Pitirim A. Sorokin is a controversial figure in the history of sociology, of which he remains one of the masters. Those who read Sorokin today must, however, frame the historical reality experienced by the scholar (his Russian and American experiences) because the evolution of his thought had several phases that correspond to his personal, family, and professional lives (he founded and directed the Department of Sociology at Harvard University for many years). This Russian-American sociologist argued that socio-cultural phenomena must be studied following their dynamism (in space and time) since the constituent elements (personality, society, and culture) are constantly changing and cannot be studied separately. Reviving his thought is not a form of celebration but a moment to reflect on how some sociology classics still have their relevance and how, all too often, they are forgotten. This is why this book takes up his main conceptualizations by anchoring them to contemporary society, whose transformations are often difficult to read, and above all to highlight how the role of sociology as a science has, in part, lost sight of its ontological foundation as a service to humanity or public service. The theoretical paths taken by Sorokin range from Social and Cultural Dynamics to Social Mobility and to many other topics, such as man and society in calamities or love and altruism - one of Sorokin's latest topics. All these topics can revive the idea of a sociology that holds together the micro, meso, and macro dimensions and allows us to predict changes in society.
Anthony Walsh, Boise State University
Availability: In stock
115pp. ¦ $50 £40 €45
This book examines intelligence as it applies to various facets of human life. It explores the evolutionary origin of intelligence and the genetics and neurobiology of intelligence. Every human being is intelligent, but some are more intelligent than others. We know this both by observing different people’s behavior and position in life and by their different intelligence quotient (IQ) scores. Most of the business of life can be conducted on a basis of habit, with little need for exceptional intelligence, which is irrelevant for many day-to-day pursuits. However, people of higher intelligence do much better in life than those of lower intelligence in so many ways. They attain higher social class, better physical and mental health, are less likely to be criminals, and many other things. IQ tests measure different cognitive abilities, but there is a factor common to them all that psychometricians call Spearman's g, or simply g. What this means is that in tasks that tax the brain, however different they may be from one another, if a person is good at one mental task, he or she is likely to be good at others, although not necessarily to the same degree.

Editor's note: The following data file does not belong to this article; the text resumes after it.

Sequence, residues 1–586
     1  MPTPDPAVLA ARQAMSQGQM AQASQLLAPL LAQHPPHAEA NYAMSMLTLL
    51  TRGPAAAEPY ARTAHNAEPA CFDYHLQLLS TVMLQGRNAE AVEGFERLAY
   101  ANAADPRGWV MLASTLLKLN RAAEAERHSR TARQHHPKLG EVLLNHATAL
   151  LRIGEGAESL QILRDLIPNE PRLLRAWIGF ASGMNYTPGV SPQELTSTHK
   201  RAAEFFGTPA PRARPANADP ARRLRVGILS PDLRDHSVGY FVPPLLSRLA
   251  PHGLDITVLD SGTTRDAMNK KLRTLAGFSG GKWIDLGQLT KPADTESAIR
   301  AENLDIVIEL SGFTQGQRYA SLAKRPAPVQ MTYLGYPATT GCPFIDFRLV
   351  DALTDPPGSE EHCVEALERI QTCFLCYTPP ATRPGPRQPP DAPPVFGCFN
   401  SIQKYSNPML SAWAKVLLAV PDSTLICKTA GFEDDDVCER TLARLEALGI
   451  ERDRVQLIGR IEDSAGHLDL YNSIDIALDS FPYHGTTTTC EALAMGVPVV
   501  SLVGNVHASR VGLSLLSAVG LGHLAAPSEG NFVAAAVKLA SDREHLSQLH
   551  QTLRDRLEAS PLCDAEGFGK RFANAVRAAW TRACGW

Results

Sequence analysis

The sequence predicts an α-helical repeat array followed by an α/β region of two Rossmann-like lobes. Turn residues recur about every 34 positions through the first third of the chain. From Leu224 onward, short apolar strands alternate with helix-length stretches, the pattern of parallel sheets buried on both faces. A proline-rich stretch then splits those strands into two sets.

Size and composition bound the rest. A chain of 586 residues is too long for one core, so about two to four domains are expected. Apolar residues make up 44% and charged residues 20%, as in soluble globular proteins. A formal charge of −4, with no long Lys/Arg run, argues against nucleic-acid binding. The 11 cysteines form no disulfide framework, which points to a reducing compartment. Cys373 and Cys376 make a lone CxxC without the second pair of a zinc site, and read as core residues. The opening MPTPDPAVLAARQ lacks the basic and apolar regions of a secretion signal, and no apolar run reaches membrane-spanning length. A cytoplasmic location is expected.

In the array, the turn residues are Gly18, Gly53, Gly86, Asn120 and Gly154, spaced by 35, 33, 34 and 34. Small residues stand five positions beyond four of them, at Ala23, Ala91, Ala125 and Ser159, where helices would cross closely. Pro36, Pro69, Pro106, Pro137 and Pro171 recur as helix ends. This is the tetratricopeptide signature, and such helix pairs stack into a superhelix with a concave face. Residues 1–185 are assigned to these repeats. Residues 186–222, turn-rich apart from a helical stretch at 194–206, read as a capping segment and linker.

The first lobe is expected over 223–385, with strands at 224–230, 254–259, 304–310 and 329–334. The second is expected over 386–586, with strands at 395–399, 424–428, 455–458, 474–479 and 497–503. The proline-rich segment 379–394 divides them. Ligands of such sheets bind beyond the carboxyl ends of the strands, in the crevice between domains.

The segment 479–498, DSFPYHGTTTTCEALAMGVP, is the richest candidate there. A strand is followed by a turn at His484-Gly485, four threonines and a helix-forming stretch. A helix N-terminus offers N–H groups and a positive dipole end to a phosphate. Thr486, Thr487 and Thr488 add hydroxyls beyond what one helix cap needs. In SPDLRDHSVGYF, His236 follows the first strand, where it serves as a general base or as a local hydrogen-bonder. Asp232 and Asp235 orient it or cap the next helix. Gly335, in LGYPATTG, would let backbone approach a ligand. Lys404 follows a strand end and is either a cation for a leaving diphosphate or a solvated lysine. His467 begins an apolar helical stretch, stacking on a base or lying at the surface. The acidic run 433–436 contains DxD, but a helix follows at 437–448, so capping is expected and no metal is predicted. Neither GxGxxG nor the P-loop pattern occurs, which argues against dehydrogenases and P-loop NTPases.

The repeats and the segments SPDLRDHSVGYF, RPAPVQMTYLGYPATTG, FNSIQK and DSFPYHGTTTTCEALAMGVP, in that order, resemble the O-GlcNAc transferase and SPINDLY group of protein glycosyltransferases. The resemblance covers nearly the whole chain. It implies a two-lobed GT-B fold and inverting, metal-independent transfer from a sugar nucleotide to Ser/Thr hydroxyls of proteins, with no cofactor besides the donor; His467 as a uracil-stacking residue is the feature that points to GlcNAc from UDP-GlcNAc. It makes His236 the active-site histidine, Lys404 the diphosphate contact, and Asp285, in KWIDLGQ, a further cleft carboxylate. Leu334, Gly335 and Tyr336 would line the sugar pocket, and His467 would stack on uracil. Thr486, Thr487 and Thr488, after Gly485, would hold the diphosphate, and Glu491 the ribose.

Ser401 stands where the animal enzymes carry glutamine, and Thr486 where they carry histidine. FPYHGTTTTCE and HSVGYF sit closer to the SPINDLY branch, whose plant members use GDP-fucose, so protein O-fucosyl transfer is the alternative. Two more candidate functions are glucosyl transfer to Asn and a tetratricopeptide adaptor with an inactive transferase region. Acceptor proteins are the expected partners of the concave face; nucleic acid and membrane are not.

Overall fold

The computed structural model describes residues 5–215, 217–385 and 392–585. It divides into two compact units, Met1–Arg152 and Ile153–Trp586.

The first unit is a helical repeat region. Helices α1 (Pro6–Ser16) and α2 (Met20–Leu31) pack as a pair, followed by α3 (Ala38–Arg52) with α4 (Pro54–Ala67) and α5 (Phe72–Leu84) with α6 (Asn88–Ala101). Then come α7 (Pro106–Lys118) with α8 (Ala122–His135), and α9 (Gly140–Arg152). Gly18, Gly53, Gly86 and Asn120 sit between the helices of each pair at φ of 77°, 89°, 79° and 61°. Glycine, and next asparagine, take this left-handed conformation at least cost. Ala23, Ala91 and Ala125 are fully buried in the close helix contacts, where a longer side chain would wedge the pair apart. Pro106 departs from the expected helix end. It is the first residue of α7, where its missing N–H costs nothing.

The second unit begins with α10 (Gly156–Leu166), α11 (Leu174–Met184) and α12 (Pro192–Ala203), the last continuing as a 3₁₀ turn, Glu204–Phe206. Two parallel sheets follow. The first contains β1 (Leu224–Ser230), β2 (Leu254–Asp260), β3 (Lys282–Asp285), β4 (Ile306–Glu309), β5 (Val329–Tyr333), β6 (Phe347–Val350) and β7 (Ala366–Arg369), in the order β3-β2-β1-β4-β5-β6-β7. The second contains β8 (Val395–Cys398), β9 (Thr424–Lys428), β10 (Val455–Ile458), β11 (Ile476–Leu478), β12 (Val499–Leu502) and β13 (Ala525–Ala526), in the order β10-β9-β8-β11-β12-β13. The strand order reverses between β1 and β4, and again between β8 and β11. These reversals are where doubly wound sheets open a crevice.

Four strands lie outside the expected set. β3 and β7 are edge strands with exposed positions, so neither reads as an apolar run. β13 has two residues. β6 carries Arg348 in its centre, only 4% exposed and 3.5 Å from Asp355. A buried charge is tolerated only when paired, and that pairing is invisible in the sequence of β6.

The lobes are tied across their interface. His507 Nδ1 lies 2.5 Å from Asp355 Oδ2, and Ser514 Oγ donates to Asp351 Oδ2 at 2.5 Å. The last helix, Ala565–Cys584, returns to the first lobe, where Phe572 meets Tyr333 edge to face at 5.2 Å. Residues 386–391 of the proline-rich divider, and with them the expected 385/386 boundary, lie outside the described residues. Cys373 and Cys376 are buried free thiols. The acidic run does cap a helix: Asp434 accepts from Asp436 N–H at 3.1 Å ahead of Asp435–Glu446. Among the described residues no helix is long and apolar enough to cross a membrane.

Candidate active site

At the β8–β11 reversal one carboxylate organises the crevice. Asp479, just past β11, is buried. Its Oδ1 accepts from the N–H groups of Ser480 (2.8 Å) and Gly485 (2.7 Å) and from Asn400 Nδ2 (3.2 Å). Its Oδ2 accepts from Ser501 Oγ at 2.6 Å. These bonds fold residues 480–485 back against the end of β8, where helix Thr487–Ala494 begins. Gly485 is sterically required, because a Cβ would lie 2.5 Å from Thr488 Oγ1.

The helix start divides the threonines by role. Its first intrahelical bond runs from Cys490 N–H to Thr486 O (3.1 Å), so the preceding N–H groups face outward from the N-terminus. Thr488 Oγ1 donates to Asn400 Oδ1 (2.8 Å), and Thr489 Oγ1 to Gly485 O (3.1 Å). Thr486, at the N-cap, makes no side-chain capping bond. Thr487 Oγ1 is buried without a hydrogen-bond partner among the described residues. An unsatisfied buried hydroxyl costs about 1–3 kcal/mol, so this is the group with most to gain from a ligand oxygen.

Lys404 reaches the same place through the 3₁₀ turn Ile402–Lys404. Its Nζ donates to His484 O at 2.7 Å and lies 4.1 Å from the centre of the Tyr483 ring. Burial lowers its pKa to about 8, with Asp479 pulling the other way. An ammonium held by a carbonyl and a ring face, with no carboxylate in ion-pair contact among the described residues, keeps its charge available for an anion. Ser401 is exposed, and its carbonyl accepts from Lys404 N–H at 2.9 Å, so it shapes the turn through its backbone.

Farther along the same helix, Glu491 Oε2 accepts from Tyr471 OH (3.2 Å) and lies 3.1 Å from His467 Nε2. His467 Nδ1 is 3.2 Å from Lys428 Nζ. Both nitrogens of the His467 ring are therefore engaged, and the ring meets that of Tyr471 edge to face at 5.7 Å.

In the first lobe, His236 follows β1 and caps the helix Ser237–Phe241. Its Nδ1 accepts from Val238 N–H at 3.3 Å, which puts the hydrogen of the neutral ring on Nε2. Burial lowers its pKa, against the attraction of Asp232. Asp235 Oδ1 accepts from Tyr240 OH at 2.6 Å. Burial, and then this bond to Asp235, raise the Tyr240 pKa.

Joydev Maity, Raiganj University, India
Availability: In stock
212pp. ¦ $76 £64 €71
This edited volume is a detailed and critical study of Indian diaspora writings and its diverse themes. It focuses on dynamics and contemporary perspectives of Indian diaspora writings and analyzes emerging themes of this field like the experience of the Bihari diaspora, migration to Gulf countries, the relation between diasporic experience and self-translation, uprootedness and resistance discourse through ecocritical praxis and many more. With the aid of a subtle theoretical framework, the volume closely examines some of the key texts such as 'Goat Days, Baumgartner’s Bombay, An Atlas of Impossible Longing, The Circle of Reason', and authors including Shauna Singh Baldwin, M.G. Vassanji, Sarat Chandra Chattopadhyay, V.S. Naipaul and others. The book also explores diaspora literature written in regional language and later translated into English and how they align with the fundamental Indian diaspora writings. A significant contribution to Indian diaspora writings; this volume will be of great importance to scholars and researchers of diaspora literature, migration and border studies, cultural, memory, and translation studies.